Whereas liquids and solids have well-defined densities, the density of a gas varies strongly with the conditions. To see this, we combine the ideal gas equation and the mole-mass relation and rearrange to obtain an equation for... [Pg.304]

As discussed earlier, the mean drift velocity is the volume flux, Jv [see Eq. (70)]. Using the ideal gas equation to relate volume flow to molar flow [see Eq. (71)], the relationship between mean drift velocity and molar flux J may be written as um = (RTIPa)J. With this expression for um, Eqs. (80) and (81) are combined to give the desired expression for molar flux,... [Pg.668]

Write an equation for the combined gas law using temperature in Celsius. Explain why the Kelvin scale is more convenient. [Pg.201]

B Here we are not dealing with gaseous reactants the law of combining volumes cannot be used. From the ideal gas equation we determine the amount of N2(g) per liter under the specified conditions. Then we determine the amount of Na(l) produced simultaneously, and finally the mass of that Na(l). [Pg.106]

It is possible to combine Avogadro s law and the combined gas law to produce the ideal gas equation, which incorporates the pressure, volume, temperature, and amount relationships of a gas. The ideal gas equation has the form of... [Pg.82]

We can use the gas law relationships, especially the ideal gas law and the combined gas law, in reaction stoichiometry problems. For example, suppose you have 2.50 g of an impure sample of KC103 and you want to determine how many grams of pure KC103 are present. You heat the mixture and the KC103 decomposes according to the equation ... [Pg.83]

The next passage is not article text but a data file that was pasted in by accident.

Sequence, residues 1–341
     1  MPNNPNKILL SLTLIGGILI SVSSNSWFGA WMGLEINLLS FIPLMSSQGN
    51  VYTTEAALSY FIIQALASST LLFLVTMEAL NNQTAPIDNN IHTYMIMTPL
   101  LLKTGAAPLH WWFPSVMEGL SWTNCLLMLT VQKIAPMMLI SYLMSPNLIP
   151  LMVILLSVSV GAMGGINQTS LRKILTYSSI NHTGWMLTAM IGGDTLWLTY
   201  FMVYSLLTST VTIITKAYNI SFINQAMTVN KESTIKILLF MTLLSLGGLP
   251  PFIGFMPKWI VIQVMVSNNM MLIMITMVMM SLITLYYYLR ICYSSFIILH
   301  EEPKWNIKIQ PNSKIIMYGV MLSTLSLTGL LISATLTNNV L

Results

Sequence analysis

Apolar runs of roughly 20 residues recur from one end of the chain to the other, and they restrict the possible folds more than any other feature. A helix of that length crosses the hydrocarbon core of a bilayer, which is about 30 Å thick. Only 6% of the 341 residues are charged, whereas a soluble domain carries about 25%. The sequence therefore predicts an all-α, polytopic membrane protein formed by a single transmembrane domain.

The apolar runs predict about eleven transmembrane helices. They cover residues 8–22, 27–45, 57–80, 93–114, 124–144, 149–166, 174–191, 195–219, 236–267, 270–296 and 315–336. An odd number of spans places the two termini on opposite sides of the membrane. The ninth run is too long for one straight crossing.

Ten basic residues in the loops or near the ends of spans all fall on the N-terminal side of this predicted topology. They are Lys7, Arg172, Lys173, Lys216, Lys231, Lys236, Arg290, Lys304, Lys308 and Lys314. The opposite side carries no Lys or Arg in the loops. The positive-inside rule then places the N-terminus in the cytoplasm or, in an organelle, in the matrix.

The combined gas law is (PiVi/Tj) = (P2V2/T2). It is possible to simplify this equation in this problem by removing all variables not appearing in the table. The simplified combined gas law is (V/Tj) = (V2/T2), which is a form of Charles law. After simplification, we need to isolate the variable we are seeking (the one with the question mark in the table). Isolation of T2 requires manipulating the equation. There are various ways of doing this, all yielding the equation T2 = (T /Vi). We now enter the appropriate values from our table into this equation ... [Pg.90]